Do you know what is embarrassing?
When a member of the Philippine senate like Kiko Pangilinan get schooled by a cardiology doctor on Philippine Constitution.
Here’s the thing!
As per Manila Bulletin news article, Senator Pangilinan reacted that revocation of the amnesty granted to Trillanes cannot immediately be executed until the Senate and House of Representatives concurred.
But Dr. Francisco Pascual Tranquilino of UP Manila disagreed with Pangilinan and went on to argue his position on Facebook.
Tranquilino cited Article VII, Section 19 which talks about the power of the President to grant amnesty, commutations, pardons, remit fines and forfeitures after conviction by final judgment except in impeachment cases.
Tranquilino said that the Constitution was silent about revocation of amnesty but only the power to grant amnesty with the concurrence of a majority of all the Members of the Congress.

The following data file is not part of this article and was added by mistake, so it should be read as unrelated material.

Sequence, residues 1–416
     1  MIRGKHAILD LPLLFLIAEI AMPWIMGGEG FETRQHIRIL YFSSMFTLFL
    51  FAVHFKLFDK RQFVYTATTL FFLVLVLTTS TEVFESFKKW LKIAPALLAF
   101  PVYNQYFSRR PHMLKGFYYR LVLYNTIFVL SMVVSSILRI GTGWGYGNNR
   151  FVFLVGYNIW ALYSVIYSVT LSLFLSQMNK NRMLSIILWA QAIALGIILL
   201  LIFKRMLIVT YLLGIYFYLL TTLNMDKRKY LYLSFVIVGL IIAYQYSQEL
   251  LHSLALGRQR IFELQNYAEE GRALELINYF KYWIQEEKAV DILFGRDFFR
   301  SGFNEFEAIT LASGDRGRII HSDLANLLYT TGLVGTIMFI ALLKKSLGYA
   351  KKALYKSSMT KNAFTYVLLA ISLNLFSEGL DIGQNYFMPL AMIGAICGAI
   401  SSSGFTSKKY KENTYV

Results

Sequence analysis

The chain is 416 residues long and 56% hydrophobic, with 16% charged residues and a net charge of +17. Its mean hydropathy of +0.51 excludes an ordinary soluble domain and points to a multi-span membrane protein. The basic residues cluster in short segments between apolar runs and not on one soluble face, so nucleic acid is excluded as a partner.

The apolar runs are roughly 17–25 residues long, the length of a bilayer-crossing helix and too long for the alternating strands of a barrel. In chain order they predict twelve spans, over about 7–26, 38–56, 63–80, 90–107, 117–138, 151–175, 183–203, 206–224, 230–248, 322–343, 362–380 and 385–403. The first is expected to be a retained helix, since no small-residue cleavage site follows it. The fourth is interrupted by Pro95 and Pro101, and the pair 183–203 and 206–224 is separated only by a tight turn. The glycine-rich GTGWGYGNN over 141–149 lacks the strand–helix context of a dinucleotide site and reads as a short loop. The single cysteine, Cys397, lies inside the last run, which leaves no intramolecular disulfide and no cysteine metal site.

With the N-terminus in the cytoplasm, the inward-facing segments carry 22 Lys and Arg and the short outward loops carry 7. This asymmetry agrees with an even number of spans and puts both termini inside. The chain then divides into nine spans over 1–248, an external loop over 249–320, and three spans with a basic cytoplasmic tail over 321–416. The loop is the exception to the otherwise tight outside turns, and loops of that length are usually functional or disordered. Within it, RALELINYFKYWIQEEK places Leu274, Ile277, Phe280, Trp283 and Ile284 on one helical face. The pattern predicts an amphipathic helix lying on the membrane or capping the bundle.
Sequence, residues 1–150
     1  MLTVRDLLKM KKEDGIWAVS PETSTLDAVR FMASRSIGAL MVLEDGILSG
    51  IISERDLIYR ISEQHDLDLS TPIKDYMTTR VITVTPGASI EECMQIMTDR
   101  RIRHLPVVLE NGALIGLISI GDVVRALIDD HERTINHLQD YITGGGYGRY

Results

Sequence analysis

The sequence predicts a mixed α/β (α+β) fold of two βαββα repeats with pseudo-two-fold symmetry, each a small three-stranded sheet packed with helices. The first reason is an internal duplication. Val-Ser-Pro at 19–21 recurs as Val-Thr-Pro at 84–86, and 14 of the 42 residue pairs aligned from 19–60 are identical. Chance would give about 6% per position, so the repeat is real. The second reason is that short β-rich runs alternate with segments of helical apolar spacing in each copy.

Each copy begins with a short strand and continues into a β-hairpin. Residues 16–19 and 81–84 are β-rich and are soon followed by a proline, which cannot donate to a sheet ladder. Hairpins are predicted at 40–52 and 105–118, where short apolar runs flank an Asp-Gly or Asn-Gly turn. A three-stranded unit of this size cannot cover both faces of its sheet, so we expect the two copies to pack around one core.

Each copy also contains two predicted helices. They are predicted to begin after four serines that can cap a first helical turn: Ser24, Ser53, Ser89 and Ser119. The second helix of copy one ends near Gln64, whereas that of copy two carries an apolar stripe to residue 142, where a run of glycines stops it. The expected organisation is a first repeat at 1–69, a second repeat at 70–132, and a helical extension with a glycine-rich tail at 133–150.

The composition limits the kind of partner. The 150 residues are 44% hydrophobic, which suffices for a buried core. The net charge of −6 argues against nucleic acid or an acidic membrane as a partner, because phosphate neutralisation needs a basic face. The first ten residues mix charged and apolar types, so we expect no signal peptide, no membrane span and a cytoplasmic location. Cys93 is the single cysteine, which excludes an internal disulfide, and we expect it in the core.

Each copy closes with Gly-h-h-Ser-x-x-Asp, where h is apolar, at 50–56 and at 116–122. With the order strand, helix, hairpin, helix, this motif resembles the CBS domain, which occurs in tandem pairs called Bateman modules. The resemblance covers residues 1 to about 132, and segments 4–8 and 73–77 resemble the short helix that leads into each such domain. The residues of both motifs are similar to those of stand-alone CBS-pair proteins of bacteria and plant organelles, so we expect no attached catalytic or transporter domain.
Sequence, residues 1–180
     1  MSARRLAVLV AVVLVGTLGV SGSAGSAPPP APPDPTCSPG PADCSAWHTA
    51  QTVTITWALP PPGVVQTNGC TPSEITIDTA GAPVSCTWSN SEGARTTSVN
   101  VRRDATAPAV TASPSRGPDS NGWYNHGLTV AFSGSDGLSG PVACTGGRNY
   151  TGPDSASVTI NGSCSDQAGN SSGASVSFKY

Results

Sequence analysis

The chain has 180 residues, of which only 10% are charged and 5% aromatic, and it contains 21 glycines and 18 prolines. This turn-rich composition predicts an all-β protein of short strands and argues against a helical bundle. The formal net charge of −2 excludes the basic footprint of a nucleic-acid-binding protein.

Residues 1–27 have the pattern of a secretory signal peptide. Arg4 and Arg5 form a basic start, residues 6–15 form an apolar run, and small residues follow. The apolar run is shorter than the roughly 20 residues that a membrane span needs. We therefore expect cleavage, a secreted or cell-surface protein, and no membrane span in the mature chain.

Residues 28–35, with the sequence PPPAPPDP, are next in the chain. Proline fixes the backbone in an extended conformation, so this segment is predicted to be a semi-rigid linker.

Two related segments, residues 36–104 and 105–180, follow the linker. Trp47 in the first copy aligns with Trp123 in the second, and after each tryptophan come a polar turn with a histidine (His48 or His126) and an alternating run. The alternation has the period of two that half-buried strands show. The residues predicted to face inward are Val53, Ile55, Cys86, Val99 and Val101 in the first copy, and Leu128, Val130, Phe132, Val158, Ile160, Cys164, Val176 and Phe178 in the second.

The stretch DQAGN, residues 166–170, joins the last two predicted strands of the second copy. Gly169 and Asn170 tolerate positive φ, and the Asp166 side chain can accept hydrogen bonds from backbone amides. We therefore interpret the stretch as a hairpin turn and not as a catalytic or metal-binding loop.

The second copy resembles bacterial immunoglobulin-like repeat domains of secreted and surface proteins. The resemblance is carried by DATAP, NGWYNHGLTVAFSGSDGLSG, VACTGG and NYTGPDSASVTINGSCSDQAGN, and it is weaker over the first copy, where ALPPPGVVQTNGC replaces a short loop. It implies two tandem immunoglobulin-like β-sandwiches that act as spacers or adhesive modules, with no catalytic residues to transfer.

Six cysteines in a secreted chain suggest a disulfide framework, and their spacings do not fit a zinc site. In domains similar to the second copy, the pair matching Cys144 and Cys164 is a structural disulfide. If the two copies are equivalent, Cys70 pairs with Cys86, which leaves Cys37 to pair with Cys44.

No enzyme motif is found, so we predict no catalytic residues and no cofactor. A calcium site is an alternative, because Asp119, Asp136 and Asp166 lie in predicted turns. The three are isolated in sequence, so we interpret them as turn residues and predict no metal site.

“What is not explicitly stated in the Constitution does not exist. We cannot infer that since Congress concurrence is needed to grant amnesty then the same is required in revoking it,” Tranquilino added.
Read the full text below.
HUMIRIT NANAMAN SI MR. SHARON CUNETA NANG DI NAG-IISIP
Article VII (Executive Department)
SECTION 19 states that “except in cases of impeachment, or as otherwise provided in this Constitution, the President may grant reprieves, commutations and pardons, and remit fines and forfeitures, after conviction by final judgment.
He shall also have the power to grant amnesty with the concurrence of a majority of all the Members of the Congress.”
The Constitution is silent on the Revocation of amnesty. What is not explicitly stated in the Constitution does not exist. We cannot infer that since Congress concurrence is needed to grant amnesty then the same is required in revoking it.
This is similar to the President’s withdrawal from the ICC. A review of the Constitution revealed no provision requiring Congress to concur with the Executive’s decision to wthdraw from an international agreement (e.g. Treaty). The only requirement is that before a treaty becomes a law, there’s a need for the Senate’s concurrence. This is in ARTICLE II Section 21 which states that “no treaty or international agreement shall be valid and effective unless concurred in by at least two-thirds of all the Members of the Senate.”
Again, we cannot infer what is not explicitly stated in the Constitution.